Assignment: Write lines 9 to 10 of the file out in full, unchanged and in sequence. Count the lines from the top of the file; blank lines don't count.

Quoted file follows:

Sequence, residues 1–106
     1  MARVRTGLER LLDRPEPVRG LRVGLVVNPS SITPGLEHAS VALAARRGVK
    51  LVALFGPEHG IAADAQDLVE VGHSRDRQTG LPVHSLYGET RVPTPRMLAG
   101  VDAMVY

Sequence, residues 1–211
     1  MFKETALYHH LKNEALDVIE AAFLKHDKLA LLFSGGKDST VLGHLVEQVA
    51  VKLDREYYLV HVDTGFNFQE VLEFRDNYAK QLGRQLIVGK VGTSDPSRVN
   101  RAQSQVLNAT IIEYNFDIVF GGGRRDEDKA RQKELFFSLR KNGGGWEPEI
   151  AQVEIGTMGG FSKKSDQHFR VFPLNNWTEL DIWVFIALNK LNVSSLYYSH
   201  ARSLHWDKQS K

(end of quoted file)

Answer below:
   151  AQVEIGTMGG FSKKSDQHFR VFPLNNWTEL DIWVFIALNK LNVSSLYYSH
   201  ARSLHWDKQS K